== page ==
Cargill, Calysta Break Ground on Presidents Island Facility

By Patrick Lantrip

NouriTech, a joint venture between Cargill and Calysta, broke ground on its new 37-acre Presidents Island gas fermentation facility, which will be the world’s largest upon completion.

(Submitted)

At the facility, NouriTech will produce FeedKind, a sustainable commercial source of protein to be used for fish, livestock and pets.

“Fermentation technology has been used for years, but what’s going to happen here is truly groundbreaking technology,” Calysta president and CEO Alan Shaw said. “And that is a huge achievement for Memphis.”

Once the plant is up and running, NouriTech expects to initially produce up to 20,000 metric tons per year of FeedKind protein, with the ability expand to as much as 200,000 metric tons per year when operating at full capacity.

“FeedKind will enable fish farms all over the world to continue to grow and provide healthy seafood by reducing the environmental impact,” Mike Wagner, Cargill’s vice president and managing director, said. “This is extremely important to Cargill given the unique challenges we face in sustaining and nourishing the world that will be growing by 2 billion people by 2050.”

The process works by mixing gases in a proprietary fermenter where they are consumed by Calysta's natural microorganisms form the basis of the FeedKind protein. The protein is then separated from the watery mixture, before being dried, packaged and shipped.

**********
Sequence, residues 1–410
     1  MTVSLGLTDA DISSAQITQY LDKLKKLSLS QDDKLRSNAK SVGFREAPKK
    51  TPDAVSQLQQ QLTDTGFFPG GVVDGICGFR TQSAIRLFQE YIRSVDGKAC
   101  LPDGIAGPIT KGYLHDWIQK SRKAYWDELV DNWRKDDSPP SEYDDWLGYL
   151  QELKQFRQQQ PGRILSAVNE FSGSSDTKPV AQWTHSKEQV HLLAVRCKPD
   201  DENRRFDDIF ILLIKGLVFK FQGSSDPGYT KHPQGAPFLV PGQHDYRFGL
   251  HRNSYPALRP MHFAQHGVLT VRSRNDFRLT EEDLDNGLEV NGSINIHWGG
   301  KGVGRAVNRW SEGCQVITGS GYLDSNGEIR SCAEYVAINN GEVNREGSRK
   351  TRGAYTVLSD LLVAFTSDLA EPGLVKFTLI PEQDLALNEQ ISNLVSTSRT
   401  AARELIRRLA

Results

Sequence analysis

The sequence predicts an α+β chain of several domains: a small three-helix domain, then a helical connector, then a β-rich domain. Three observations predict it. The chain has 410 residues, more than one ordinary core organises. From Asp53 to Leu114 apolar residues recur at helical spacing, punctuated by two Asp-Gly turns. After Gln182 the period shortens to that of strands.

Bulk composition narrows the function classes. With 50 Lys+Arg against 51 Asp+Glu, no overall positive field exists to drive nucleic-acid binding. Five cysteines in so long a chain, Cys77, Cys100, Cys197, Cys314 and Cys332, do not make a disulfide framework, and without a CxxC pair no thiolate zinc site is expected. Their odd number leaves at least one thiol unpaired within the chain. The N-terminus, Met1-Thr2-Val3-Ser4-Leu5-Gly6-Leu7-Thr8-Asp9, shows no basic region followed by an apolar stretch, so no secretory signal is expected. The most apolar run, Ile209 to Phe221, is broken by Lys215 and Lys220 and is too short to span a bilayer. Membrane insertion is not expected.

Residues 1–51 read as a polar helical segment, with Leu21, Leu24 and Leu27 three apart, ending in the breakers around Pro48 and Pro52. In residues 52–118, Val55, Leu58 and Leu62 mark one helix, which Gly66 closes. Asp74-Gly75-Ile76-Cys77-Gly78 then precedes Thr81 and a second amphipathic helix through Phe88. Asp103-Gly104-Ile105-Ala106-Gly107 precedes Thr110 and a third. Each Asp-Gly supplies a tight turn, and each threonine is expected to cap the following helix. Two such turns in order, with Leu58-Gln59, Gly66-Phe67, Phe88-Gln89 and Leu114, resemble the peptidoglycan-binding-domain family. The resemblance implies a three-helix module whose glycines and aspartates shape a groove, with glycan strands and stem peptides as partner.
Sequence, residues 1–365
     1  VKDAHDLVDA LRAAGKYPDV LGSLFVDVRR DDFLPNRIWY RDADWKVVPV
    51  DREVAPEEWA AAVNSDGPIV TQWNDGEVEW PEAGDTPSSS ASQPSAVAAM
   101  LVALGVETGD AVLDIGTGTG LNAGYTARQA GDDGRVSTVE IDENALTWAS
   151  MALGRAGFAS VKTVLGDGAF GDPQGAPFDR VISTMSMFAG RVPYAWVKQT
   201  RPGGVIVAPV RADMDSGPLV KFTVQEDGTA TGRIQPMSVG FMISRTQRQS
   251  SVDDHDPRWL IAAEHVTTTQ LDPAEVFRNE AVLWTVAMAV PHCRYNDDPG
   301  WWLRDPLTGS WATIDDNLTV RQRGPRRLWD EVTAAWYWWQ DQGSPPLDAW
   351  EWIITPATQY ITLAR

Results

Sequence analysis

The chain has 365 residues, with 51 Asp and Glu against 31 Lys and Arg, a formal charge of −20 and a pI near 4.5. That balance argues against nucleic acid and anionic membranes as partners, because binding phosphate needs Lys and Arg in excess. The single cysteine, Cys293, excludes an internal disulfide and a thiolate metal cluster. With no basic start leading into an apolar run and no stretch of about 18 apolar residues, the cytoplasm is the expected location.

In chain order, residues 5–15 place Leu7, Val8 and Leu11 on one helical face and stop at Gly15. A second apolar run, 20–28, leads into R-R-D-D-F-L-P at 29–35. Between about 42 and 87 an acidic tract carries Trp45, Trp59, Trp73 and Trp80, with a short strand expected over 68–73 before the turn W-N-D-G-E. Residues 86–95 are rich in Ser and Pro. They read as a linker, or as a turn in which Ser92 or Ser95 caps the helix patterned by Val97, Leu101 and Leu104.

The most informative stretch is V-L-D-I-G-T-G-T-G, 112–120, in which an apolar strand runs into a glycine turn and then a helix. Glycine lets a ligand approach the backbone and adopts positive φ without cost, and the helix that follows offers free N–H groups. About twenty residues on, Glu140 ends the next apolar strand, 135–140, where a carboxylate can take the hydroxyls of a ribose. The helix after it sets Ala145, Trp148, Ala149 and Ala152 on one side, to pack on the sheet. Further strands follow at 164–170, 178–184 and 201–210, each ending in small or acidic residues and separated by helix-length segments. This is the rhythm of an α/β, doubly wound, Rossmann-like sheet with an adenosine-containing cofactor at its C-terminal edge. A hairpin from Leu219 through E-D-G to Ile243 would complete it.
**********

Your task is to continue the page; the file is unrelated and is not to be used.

Cargill originally occupied the Presidents Island facility in May 1976. At that time, it was the most modern and automated corn processing facility of its kind.

“Fast-forward 41 years and here we are today on this same piece of property now joined with other inverters to once again build a state-of-the-art facility,” Wagner said.

In 2014, Cargill announced it was closing its corn milling facility due to underutilization and its location away from the Corn Belt.

At the time, Cargill was Memphis, Light, Gas and Water Division’s largest single water customer. The closure resulted in $1.8 million in lost MLGW revenue and an eventual 22 percent water rate hike to offset the losses.

In November, Cargill announced that a joint venture with Calysta would convert its vacated corn mill facility into a gas fermentation facility, and create 75 new jobs.

Construction on the first phase of the facility is scheduled to wrap up in 2018, followed by the second phase in 2020.